Find out how your school can become part of the national News21 program.
From Nevada to Maine, reporters interviewed longtime politicians, parents, patients, mothers and advocacy groups on all sides of the debate.
News21 now welcomes students from all journalism schools. Applications are due Nov. 10.
Student work has appeared in numerous national publications.
News21 stories and projects have been honored in multiple journalism awards contests.
Foundations support News21 fellows:The John S. and James L. Knight Foundation and the Carnegie Corporation of New York have provided millions of dollars in funding for News21 since the program's inception in 2005. For a history of News21, go to http://cronkite.asu.edu/experience/news21.
Other support comes from foundations and philanthropic organizations that support the work of individual fellows. These include the Ethics and Excellence in Journalism Foundation, the Hearst Foundations, the Donald W. Reynolds Foundation, the Peter Kiewit Foundation and Women & Philanthropy, part of the ASU Foundation.
The nationally acclaimed Carnegie-Knight News21 program, created by the Carnegie Corporation of New York and the John S. and James L. Knight Foundation, is open to all journalism schools in the United States. An ASU video gives a behind-the scenes glimpse of News21 fellows at work.
During the spring semester, students take part in:
During the summer, fellows work full time out of a digital newsroom at the Cronkite School for 10 weeks, typically beginning in mid to late May and ending in late July or early August. Fellows receive a $7,500 stipend plus travel expenses. The cost of housing is not covered, but the Cronkite School will make arrangements for university dormitory housing on ASU’s downtown Phoenix campus next to the Cronkite building.
Students work under a team of journalism leaders that include:
All program costs are covered except salary and travel stipends for individual fellows, which are to be covered by the participating schools. Applications should come from the school’s dean or director, not from individual students. The application packet must include:
Applications may be emailed to email@example.com or mailed to: News21, Walter Cronkite School of Journalism and Mass Communication, Arizona State University, 555 N. Central Ave., Phoenix, Ariz., 85004.
Candidates are judged by leading journalists and journalism educators on the following criteria: quality of journalism (demonstrated storytelling and reporting skills); strength of recommendations from their schools; multimedia skills; investigative reporting skills; ability to work as member of a team in an open, collaborative environment; and commitment to journalism as a career. Demonstrated special skills such as Web development, design, photography, videography or data analysis also may weigh in the decision.
Students may be asked to participate in a Skype or phone interview prior to a final decision being made.
Schools and students will be notified of selection decisions by Dec. 1.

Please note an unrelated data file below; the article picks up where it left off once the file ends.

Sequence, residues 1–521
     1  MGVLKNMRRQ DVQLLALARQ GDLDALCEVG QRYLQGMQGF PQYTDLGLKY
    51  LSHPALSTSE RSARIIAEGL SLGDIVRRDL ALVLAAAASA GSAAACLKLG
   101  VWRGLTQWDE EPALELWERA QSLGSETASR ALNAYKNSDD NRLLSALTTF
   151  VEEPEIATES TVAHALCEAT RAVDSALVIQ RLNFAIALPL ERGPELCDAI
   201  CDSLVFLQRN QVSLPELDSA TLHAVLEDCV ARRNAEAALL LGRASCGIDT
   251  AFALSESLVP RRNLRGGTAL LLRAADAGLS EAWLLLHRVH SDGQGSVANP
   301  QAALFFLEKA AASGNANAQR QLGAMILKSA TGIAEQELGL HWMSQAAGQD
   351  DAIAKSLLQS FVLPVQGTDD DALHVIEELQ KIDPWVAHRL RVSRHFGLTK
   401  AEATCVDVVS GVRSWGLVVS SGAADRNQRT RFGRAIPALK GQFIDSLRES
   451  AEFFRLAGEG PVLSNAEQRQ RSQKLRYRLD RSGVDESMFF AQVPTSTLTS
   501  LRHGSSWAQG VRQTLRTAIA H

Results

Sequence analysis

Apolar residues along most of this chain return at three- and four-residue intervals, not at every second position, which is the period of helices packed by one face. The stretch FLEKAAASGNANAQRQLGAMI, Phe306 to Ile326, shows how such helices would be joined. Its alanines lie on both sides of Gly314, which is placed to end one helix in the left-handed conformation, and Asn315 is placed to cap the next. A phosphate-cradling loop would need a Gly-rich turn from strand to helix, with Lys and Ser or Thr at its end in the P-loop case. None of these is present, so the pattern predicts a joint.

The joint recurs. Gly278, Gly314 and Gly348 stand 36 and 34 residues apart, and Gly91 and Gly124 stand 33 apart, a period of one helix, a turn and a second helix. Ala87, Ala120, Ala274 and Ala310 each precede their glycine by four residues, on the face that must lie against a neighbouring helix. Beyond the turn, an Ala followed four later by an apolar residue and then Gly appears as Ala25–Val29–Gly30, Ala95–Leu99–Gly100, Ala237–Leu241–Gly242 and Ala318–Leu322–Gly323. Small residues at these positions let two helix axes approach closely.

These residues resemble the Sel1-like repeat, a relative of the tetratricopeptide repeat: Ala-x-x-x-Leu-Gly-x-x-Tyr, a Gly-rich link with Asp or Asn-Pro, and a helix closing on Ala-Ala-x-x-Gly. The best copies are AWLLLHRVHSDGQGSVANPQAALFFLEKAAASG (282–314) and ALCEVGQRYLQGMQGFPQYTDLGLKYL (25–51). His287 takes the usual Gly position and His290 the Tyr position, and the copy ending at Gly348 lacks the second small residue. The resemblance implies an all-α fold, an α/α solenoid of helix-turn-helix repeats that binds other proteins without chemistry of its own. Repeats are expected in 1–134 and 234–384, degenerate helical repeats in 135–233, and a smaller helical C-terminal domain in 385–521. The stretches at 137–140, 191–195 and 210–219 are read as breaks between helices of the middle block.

Some schools have used existing scholarship or special funds to support their fellows while others have garnered new support through naming opportunities. In the latter circumstance, the supporter will be credited in the byline or credit line for the student’s work. For example, the 2012 University of Nebraska fellows were identified in project descriptions and in bylines with the name of the Peter Kiewit Foundation, which funded their work. Similarly, two ASU fellows were identified as Women & Philanthropy News21 Fellows in recognition of the philanthropy that funded their work on stories about female veterans. Other fellows are recognized as Hearst Foundations Fellows, Ethics & Excellence in Journalism Foundation Fellows, etc.
Recent fellows have come from more than two dozen journalism schools, including ASU; Elon University; Florida International University, Louisiana State University, Syracuse University, University of Florida, University of Maryland, University of Minnesota, University of Missouri, University of Oklahoma, University of Oregon, University of North Carolina, University of Texas and University of British Columbia, among others.
The benefits of News21 to the fellows are proven: Students receive an unparalleled experience working one-on-one with some of the best journalism minds in the country on in-depth and digitally innovative projects and receive unprecedented national distribution and recognition of their work. Past News21 fellows have an employment placement record – both qualitatively and quantitatively — that is far superior to both the national averages and the placements of peers within their institutions.
The benefit to participating schools is equally striking. The News21 program, with its focus on depth and innovation, experiential learning and coverage of important national projects, has permeated throughout the 12 original News21 schools. Those deans and directors report a dramatic transformation of their curricula in recent years, due in large part to the lessons learned in News21.
Contact Cronkite Associate Dean Kristin Gilger at firstname.lastname@example.org or 602.496.9448.
Leonard Downie Jr., vice-president-at-large and former editor of The Washington Post, writes about how journalism schools are producing high-level reporting that is making its way into major news outlets.